Picasso used a combination of styles, including Cubism and Surrealism, to create his work. The monochrome colors of the painting emphasise the weight of the event that is depicted.

The painting is considered by many art experts to be the most powerful anti-war artwork of all time. The painting captures the pain and suffering of modern warfare. The painting is currently displayed in the Museo Reina Sofa in Madrid.

In his early life, Picasso was a leftist who was devoted to the cause of social justice. He was a fan of American political cartoons. He had a personal interest in the tense politics of Spain.

The painting was originally meant to be a political statement. It was aimed at attacking Franco, the dictator who had led Spain to the brink of the Spanish Civil War. However, it was not accepted by the Spanish government and was subsequently returned to Picasso after the death of Franco.

Blue Period

During the Blue Period, Pablo Picasso made many paintings with the color blue. During this time, he was influenced by the death of his friend Carlos Casagemas. This suicide, which occurred in 1901, is thought to have led to the Blue Period.

The Blue Period is an important era in art history. It was a time when artists attempted to clear up the shortcomings of classism through their work. During this period, Picasso’s paintings emphasized the human complexity of the poor. The subjects he painted were often the weak, broken, and rejected members of society.

The Old Guitarist, a painting by Pablo Picasso, is considered the most iconic of the Blue Period. It depicts a thin, haggard man hunched over a large guitar. The canvas is painted in blue, which is considered the color of melancholy.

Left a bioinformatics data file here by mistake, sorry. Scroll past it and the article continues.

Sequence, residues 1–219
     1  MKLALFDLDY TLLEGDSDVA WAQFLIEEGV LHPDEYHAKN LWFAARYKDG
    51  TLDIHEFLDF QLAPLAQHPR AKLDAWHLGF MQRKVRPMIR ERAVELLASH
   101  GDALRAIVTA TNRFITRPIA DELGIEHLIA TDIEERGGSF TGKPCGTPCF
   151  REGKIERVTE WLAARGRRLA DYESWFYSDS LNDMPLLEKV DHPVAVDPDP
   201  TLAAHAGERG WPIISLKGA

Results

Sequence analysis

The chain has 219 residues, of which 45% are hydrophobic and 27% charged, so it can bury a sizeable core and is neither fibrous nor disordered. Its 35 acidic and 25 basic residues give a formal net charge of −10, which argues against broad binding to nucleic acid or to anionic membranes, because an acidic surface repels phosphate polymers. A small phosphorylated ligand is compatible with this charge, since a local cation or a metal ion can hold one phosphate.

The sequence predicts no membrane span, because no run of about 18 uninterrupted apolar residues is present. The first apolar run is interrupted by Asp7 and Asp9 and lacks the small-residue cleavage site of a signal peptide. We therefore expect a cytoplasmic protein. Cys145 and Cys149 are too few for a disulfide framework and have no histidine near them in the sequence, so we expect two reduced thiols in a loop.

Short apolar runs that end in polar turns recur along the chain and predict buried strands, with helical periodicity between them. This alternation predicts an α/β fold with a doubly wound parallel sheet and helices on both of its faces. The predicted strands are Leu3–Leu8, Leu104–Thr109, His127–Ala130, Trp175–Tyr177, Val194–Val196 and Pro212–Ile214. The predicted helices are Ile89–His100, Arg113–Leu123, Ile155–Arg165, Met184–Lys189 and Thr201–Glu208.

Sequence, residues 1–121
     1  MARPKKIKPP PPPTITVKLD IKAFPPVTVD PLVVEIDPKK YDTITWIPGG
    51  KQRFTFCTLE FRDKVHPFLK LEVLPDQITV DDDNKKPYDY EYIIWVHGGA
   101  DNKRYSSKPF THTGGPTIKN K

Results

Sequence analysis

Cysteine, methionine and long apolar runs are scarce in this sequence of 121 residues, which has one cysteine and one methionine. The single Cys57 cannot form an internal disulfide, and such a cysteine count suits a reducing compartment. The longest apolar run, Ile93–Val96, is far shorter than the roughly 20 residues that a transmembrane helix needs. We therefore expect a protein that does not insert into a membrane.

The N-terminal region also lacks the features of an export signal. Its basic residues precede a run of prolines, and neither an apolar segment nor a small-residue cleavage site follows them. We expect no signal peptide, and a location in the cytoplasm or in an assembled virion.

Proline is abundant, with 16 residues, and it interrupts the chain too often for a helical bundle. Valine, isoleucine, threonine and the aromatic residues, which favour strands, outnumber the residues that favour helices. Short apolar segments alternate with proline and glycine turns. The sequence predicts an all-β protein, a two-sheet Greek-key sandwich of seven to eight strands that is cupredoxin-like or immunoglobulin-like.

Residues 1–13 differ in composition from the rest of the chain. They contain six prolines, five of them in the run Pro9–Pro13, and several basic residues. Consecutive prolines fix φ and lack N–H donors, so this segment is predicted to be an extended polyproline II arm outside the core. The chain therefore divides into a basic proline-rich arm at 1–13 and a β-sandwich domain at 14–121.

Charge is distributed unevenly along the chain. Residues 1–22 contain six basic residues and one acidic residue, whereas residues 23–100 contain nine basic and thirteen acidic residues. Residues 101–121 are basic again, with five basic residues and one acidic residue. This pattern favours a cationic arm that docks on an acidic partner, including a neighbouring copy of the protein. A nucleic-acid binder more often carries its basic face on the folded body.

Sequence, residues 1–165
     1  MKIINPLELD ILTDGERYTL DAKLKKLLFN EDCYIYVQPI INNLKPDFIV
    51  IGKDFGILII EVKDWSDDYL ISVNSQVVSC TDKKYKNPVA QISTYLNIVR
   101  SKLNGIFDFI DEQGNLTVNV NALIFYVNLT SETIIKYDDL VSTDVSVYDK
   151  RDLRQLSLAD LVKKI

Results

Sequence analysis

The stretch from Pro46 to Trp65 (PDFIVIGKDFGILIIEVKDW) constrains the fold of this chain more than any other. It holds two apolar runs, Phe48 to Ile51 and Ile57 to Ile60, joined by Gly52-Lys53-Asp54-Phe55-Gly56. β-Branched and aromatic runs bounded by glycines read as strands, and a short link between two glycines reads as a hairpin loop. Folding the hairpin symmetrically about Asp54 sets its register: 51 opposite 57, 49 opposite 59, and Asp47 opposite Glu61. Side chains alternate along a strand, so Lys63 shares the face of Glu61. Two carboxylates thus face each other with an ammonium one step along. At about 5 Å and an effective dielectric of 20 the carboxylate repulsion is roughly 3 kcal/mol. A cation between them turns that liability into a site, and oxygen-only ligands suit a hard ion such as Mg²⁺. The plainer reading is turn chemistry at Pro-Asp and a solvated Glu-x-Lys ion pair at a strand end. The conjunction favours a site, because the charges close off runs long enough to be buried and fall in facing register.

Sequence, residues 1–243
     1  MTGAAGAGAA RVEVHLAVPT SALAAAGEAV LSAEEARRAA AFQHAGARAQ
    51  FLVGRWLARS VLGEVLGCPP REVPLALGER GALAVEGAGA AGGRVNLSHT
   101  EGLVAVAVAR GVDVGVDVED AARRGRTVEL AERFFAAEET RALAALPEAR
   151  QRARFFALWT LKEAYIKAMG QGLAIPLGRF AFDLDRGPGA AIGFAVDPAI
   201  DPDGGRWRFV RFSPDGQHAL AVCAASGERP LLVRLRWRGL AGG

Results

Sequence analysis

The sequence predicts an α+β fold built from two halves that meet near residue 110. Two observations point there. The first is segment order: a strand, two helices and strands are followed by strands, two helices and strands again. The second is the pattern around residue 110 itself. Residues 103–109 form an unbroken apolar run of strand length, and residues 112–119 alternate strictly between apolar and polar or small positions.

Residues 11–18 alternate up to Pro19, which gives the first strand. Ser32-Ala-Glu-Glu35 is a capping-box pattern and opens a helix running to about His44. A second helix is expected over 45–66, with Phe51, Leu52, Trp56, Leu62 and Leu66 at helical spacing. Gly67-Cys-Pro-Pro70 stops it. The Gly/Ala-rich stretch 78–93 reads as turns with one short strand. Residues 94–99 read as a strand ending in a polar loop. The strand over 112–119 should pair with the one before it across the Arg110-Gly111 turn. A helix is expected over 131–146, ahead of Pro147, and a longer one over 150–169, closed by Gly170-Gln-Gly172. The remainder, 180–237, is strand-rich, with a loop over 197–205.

Another notable painting of this period is Celestina, a painting that displays the foxy thoughts of a woman. Her lips are simpering and her eyebrows are raised. The painting is characterized by an absence of setting, which emphasizes the expressiveness of the character.

The most important aspect of the painting is the enigmatic gesture in the middle of the composition. This gesture may have been a self-reflection by the painter. Most art enthusiasts agree on the significance of this gesture.

In addition, the painting is filled with a sense of morbid mystique. It is possible that the artist was thinking about the miseries that lay ahead.

The Blue Period began in Spain in the spring of 1901. The period was characterized by the dominance of the color blue and the depiction of people suffering from despair. The paintings also demonstrated a feeling of isolation.

Rose Period

During his Rose Period, Pablo Picasso produced some of his most famous works. His paintings during this period are marked with bright colours to represent happiness. His subjects often depicted circus performers. He also experimented with different mediums and techniques. His style became known as the Picasso style.